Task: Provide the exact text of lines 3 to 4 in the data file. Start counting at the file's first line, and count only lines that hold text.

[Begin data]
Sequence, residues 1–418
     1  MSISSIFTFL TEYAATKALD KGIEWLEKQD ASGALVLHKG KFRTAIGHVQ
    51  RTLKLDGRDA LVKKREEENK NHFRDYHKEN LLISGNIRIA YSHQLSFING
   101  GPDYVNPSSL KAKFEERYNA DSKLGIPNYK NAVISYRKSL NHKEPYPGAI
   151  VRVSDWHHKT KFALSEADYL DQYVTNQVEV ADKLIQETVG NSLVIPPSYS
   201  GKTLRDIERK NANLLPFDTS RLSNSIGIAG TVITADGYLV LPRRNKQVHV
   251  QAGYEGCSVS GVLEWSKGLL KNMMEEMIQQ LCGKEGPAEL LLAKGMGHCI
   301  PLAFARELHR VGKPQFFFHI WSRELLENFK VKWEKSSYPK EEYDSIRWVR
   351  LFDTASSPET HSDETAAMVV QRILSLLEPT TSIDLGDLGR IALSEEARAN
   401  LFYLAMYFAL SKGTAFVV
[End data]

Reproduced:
    51  RTLKLDGRDA LVKKREEENK NHFRDYHKEN LLISGNIRIA YSHQLSFING
   101  GPDYVNPSSL KAKFEERYNA DSKLGIPNYK NAVISYRKSL NHKEPYPGAI